Grand Strand Fishing Report April-June 2020

Mike Marsh’s book, Fishing North Carolina, shares his best-kept secrets for fishing 100 lakes, rivers, ponds, sounds and piers.


To order:

Fishing North Carolina ($26.60),

Inshore Angler – Carolina’s Small Boat Fishing Guide ($26.20),


Offshore Angler – Coastal Carolina’s Mackerel Boat Fishing Guide ($22.25)

mail a check or MO to:


Mike Marsh

1502 Ebb Drive

Wilmington, NC 28409

or visit for credit card orders.



What to expect when you head out to fish the Grand Strand over the next few weeks. Get a clue from noted outdoor writer Mike Marsh.

Little River

Capt. Larry Horowitz (Voyager Deep Sea Fishing and Dolphin Cruises, 843-626-4900) said all of his boats would be running wide open, catching all species of fish from the inlets to the Gulf Stream.


"South of Frying Pan Shoal Tower we will be catching some nice bottom fish,” he said. “Everyone will be reeling up amberjack, red porgy, jolthead porgy, ringtails, gray triggerfish, queen triggerfish, beeliners, black sea bass, rudderfish, snappers and white grunts."


The season for grouper opens May 1 and anyone heading out to the live bottoms and ledges wants to catch them. They are big fish that fight hard and offer some great eating. Besides the more common species - red, gag and scamp grouper – some of the less common species will be swinging over the side. Some of the oddball bottom fish species are yellowmouth, yellowfin and black grouper, rock and red hind, and hog snapper.


The Super Voyager and Continental Shelf will be catching such a variety of bottom fish that anglers should take along a saltwater identification chart or book to see what they have landed. If they cannot identify the species, the mates can tell them what is dangling at the end of the line. One of the strangest is the coronet fish, which is long and narrow and brightly colored. If a fish is brightly colored with bug eyes and lots of prickly spines, you should not touch it because it could be a venomous lionfish or scorpionfish. They are good eating, but it is not worth the risk of touching them so the mates will unhook them and let them go.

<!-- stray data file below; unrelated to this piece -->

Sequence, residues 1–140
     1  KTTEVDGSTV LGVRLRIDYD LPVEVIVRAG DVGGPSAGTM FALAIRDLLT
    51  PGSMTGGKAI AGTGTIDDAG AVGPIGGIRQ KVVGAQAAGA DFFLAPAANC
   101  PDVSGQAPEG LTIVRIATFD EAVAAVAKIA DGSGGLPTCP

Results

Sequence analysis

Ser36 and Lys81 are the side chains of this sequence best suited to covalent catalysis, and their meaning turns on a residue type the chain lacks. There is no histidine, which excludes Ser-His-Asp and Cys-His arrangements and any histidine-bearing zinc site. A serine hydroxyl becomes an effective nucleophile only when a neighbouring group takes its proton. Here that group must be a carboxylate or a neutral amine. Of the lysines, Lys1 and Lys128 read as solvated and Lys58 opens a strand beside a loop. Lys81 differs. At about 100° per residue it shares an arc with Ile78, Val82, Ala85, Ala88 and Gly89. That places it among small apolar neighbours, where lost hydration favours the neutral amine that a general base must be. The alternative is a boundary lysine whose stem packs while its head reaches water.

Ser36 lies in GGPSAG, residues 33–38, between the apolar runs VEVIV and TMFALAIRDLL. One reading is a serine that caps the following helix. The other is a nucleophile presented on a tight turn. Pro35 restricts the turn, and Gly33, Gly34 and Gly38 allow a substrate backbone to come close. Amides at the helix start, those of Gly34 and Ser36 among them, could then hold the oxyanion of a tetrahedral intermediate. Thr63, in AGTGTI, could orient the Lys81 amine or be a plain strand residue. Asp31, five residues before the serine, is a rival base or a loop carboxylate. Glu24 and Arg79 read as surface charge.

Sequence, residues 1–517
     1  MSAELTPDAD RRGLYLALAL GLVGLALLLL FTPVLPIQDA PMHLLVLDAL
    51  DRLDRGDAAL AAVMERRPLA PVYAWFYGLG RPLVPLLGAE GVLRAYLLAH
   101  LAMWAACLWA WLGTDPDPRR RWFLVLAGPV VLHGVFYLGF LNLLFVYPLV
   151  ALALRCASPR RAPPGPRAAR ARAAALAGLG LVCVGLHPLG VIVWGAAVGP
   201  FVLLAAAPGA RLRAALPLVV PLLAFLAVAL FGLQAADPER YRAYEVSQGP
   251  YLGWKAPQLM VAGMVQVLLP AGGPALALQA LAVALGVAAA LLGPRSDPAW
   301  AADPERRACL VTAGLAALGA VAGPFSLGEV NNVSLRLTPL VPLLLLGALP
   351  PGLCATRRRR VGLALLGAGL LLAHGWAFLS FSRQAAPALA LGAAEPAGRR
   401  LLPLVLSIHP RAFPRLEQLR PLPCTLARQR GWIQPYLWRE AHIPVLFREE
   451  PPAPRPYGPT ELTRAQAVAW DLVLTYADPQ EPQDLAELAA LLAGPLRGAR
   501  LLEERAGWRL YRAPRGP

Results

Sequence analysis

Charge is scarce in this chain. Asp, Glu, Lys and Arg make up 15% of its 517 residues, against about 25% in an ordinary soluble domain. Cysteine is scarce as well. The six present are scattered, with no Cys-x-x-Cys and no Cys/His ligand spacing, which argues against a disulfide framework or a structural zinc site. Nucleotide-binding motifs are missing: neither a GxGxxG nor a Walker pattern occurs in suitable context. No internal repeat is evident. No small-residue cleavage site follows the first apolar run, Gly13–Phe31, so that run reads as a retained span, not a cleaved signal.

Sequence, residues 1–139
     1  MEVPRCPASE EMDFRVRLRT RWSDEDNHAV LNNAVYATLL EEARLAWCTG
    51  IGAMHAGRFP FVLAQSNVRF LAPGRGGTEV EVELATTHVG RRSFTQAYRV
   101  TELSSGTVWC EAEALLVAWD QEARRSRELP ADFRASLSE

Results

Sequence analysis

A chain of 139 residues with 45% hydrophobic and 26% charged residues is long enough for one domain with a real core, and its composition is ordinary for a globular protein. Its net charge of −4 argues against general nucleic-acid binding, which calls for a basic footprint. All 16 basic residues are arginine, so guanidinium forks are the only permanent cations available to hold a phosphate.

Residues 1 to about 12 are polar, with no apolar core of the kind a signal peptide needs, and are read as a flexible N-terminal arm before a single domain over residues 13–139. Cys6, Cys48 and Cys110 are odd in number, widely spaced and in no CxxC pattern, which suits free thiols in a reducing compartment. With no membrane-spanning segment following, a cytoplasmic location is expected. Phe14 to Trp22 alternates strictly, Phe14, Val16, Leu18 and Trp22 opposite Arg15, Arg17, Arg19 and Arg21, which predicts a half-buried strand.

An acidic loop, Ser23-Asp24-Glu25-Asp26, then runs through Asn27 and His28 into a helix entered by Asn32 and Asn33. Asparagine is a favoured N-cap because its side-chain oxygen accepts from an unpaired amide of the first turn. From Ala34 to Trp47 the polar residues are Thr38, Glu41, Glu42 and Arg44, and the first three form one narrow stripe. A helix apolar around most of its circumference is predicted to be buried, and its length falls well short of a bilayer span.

Inshore and offshore trolling action will be excellent. Anglers can book half-day, nearshore trolling trips aboard the Starship for Spanish mackerel and sharks. The kings will be hitting skirts with belly strips, cigar minnows and Drone Spoons 20 to 25 miles offshore from Little River Inlet and at the Atlantic Ledge, 65-Foot Hole, The Jungle and Shark Hole. Anglers who locate the baitfish will find the kings.


Cobia will strike cigar minnows and live baits trolled for kings. They will also strike live baits drifted off the transom during the bottom fishing trips.


Out in the Gulf Stream, big game anglers aboard the Starship will be trolling for mahi, sailfish, wahoo, blackfin tuna and yellowfin tuna. A blue or white marlin may also strike a trolling lure. These big game species will be at the 100/400 line, Blackjack, Raritan and Steeples. To be successful, anglers must find the right water temperature, which is between 74 and 78 degrees. They must also locate the correct color of water for big game fishing, which is deep blue or purple and clear, not the bright “king” green, where king mackerel are typically swimming. Combining a morning of trolling with an afternoon of bottom fishing is a great way to spend a day in the Gulf Stream.


Apache Pier, Myrtle Beach

Lynn Galloway (Apache Pier, 843-497-6486) said the summertime fishing would heat up right along with the water temperatures.


“The whiting will be biting until the water starts warming up,” she said. “We will start seeing lots of sheepshead and black drum in May. By May or June, the big runs of Spanish mackerel and bluefish will be coming on strong. We will also see an increase in catches of red drum by June.”


While big king mackerel are the hot bite in early summer, but the first king could be landed as early as late April. The annual Grand Strand King Mackerel Rodeo is typically hosted in early June. However, making a decision on hosting the event, which also involves the Cherry Grove and Myrtle Beach State Park piers, has been postponed due to coronavirus concerns. As the date approaches, anglers should call the pier to see if the event will be held or has been cancelled.


Pier anglers cast Mackerel Trees, Got-cha lures and jigging spoons to catch Spanish mackerel and bluefish. When the fish are schooling near the pier, anglers can jig a spoon or lure up and down rather than making long casts. The best times to fish for Spanish mackerel and bluefish are early in the morning or late in the afternoon when they can usually be spotted jumping near the end of the pier.

Anglers use trolley rigs to catch the biggest Spanish mackerel and king mackerel. There are many variations of a trolley rig, but it requires two rods – a fight rod and an anchor rod. The live bait slides to the water on the line of the anchor rod, which holds it in place. The best baits for king mackerel are bluefish and pinfish. Anglers catch them by fishing with cut baits and shrimp.


The universal bait for most of the bottom fish species is shrimp. However, anglers will have good luck with cut fish as well. Pompano will strike mole crabs and shrimp. Sheepshead will bite fiddler crabs and barnacles fished beside the pier pilings. Flounder will bite mud minnows.